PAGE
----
Figure 1. Spectrograms for Dutch monosyllabic words “Bus,” “Vaak,” “Pen,” and “Leeg” (“Bus,” “Often,” “Pen,” and “Empty” in English), shown for unprocessed speech (left panel) or with the CI simulation (right panel).
Figure 2. Spectrograms for Dutch sentence “De bal vloog over de schutting” (“The ball flew over the fence” in English), shown for unprocessed speech (left panel) or with the CI simulation (right panel).
All tests were conducted in an anechoic chamber. Participants were seated in front of a touchscreen (A1 AOD 1908, GPEG International, Woolwich, UK), facing a loudspeaker (Tannoy precision 8D; Tannoy Ltd., North Lanarkshire, UK) at a distance of 1 meter. Stimuli were presented using iStar custom software via a Windows computer with an Asus Virtuoso Audio Device soundcard (ASUSTeK Computer Inc, Fremont, USA). After conversion to an analog signal via a DA10 digital-to-analog converter (Lavry Engineering Inc., Washington, USA) the speech stimulus was played at 65 dBA in free field. The root mean square (RMS) intensity of all stimuli was normalized to the same value. The levels were calibrated with a manikin (KEMAR, GRAS) and a sound-pressure level meter (Type 2610, Brüel Kjær and Sound & Vibration Analyser, Svan 979 from Svantek). Participants' verbal responses on the speech tests were recorded using a DR-100 digital voice recorder (Tascam, California, USA), and were used to double-check responses as needed.
The order of the training and testing sessions was the same for all participants. In each experiment, participants received a short training specific to that experiment. The testing was conducted sequentially in this order: word identification, emotion identification, sentence identification, and MCI. The speech intelligibility data (word and sentence identification) are presented in this section (Experiment 1), the emotion identification data in Experiment 2, and the MCI data in Experiment 3.
Participants were trained with the CI simulation and in quiet condition only. Two sentence lists were randomly chosen from the 39 training lists for each participant. The first list was used for passive training, and the second list was used for active training. During passive training, each sentence was played through the loudspeaker and the text was shown simultaneously on the screen. Participants were asked only to listen and to read. After each sentence was presented, the participant pressed “continue” on the touchscreen to proceed to the next sentence. After completing the passive training, the touchscreen was turned off. During active training, a training sentence from the second list was played, this time without visual text being displayed. Participants were asked to repeat what they heard as accurately as possible, and to guess if they were unsure of the words. A native Dutch speaker observer, situated in an adjacent room and listening to subjects' responses over headphones, scored the responses using the testing software. Participants were required to score better than 85% correct during active training before beginning formal testing; all participants met this criterion with only one round of active training.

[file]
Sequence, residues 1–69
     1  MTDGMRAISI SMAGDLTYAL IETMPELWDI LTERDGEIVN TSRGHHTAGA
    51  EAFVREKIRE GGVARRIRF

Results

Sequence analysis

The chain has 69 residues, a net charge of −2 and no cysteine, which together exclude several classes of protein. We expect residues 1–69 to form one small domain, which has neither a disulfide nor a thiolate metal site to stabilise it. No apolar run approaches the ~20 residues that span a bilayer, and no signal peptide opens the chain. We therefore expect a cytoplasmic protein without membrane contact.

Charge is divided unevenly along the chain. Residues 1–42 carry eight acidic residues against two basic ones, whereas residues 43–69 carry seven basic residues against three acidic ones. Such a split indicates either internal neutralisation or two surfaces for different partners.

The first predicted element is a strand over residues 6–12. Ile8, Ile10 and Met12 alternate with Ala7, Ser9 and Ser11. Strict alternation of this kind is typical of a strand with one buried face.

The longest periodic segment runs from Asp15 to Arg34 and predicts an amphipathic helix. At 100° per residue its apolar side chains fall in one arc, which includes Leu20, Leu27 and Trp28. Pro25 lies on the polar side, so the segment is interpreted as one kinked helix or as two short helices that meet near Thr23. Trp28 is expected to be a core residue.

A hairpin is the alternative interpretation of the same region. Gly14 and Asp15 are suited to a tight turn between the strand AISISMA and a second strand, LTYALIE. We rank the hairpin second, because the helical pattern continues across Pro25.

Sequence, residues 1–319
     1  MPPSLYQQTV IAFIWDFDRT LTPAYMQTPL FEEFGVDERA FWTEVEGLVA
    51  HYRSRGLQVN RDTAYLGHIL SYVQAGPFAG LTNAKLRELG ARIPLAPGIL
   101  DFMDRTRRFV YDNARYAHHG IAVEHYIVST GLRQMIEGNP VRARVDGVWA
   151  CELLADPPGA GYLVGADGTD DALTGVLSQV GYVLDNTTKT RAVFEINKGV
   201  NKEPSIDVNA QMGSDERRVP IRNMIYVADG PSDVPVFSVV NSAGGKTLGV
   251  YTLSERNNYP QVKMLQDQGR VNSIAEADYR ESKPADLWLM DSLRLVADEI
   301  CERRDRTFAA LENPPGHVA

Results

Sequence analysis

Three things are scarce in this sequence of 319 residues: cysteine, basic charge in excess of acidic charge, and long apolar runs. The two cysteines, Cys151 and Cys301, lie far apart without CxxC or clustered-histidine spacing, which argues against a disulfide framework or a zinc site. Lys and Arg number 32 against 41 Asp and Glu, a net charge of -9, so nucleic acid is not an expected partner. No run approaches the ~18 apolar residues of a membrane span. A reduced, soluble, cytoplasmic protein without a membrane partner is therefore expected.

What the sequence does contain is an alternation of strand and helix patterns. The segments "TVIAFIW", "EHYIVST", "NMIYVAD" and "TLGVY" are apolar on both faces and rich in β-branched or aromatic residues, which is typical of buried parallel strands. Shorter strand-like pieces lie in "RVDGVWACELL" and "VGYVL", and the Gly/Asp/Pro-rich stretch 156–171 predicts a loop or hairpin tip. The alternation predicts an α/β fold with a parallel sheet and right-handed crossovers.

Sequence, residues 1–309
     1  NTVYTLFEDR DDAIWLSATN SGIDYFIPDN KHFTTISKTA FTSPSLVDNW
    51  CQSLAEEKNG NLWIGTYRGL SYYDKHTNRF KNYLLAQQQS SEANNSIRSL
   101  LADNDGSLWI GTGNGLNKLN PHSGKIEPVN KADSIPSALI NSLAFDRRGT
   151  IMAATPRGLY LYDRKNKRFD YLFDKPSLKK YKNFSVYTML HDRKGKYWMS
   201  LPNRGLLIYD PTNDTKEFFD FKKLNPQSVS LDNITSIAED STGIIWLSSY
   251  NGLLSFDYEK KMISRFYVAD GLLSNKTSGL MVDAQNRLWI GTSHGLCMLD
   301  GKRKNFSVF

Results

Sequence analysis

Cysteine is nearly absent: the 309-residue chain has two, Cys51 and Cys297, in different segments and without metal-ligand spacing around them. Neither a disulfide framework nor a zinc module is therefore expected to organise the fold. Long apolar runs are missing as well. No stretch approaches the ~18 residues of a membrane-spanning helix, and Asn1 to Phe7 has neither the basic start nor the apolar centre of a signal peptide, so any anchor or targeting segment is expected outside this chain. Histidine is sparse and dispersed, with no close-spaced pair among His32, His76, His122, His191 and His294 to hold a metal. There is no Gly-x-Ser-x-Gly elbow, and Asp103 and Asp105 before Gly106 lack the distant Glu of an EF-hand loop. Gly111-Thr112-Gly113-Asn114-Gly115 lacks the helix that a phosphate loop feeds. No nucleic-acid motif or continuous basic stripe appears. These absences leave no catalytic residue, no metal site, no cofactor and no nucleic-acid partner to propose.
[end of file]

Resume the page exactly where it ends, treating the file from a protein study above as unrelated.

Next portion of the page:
Word identification was measured with unprocessed speech and the CI simulation in quiet and in steady, speech-shaped noise at 3 SNRs (+10, +5, and 0 dB). One list of 12 words was used to test each condition (eight lists in total). Word lists were randomly chosen from the 12 lists in the test corpus, and no list was repeated for a participant. The order of the conditions was set to progress from relatively easy to relatively difficult: (1) Unprocessed in quiet, (2) CI simulation in quiet, (3) Unprocessed +10 dB SNR, (4) CI simulation +10 dB SNR, (5) Unprocessed +5 dB SNR, (6) CI simulation +5 dB SNR, (7) Unprocessed 0 dB SNR, and (8) CI simulation 0 dB SNR. During testing, a word was randomly selected from within the list and presented via the loudspeaker. The participant was asked to repeat the word as accurately as possible. The observer listened to the responses and scored each correctly repeated phoneme using testing software that calculated the percentage of phonemes correctly recognized. No trial by trial feedback was provided. The total testing time for all conditions was 12–18 min.
Sentence identification was measured with unprocessed speech and the CI simulation in three types of noise: (1) speech-shaped steady noise, (2) speech-shaped fluctuating noise, and (3) 6-talker babble. One list of 13 sentences was used to test each condition (6 lists in total). Sentence lists were randomly chosen from the 10 lists in the test corpus, and no list was repeated for a participant. Similar to word identification testing, the test order for sentence identification was fixed: (1) Unprocessed in steady noise, (2) CI simulation in steady noise, (3) Unprocessed in fluctuating noise, (4) CI simulation in fluctuating noise, (5) Unprocessed in babble noise, and (6) CI simulation in babble noise. For sentence identification in noise, the speech reception threshold (SRT), defined as the SNR needed to produce 50% correct sentence identification, was measured using an adaptive, one-up/one-down procedure (Plomp and Mimpen, 1979), in which the SNR was adjusted from trial to trial according to the accuracy of the response. During testing, speech and noise were presented at the target SNR over the loudspeaker and the participant was asked to repeat the sentence as accurately as possible. If the participant repeated all words in the sentence correctly, the SNR was reduced by 2 dB; if the participant did not repeat all words in the sentence correctly, the SNR was increased by 2 dB. The reversals in SNR between trials 4–13 was averaged and reported as the SRT for the test condition. To better target the SRT within the limited number of sentences in the test list, the initial SNR was different for each noise type and listening condition, based on preliminary testing. For steady noise, the initial SNRs were −4 and +2 dB for unprocessed speech and the CI simulation, respectively. For fluctuating noise, the initial SNRs were −8 and +6 dB for unprocessed speech and the CI simulation, respectively. For babble, the initial SNRs were −4 and +6 dB for unprocessed speech and the CI simulation, respectively. Note that the first sentence was repeated and the SNR increased until the participant repeated the entire sentence correctly. The total testing time for all conditions was 15–20 min.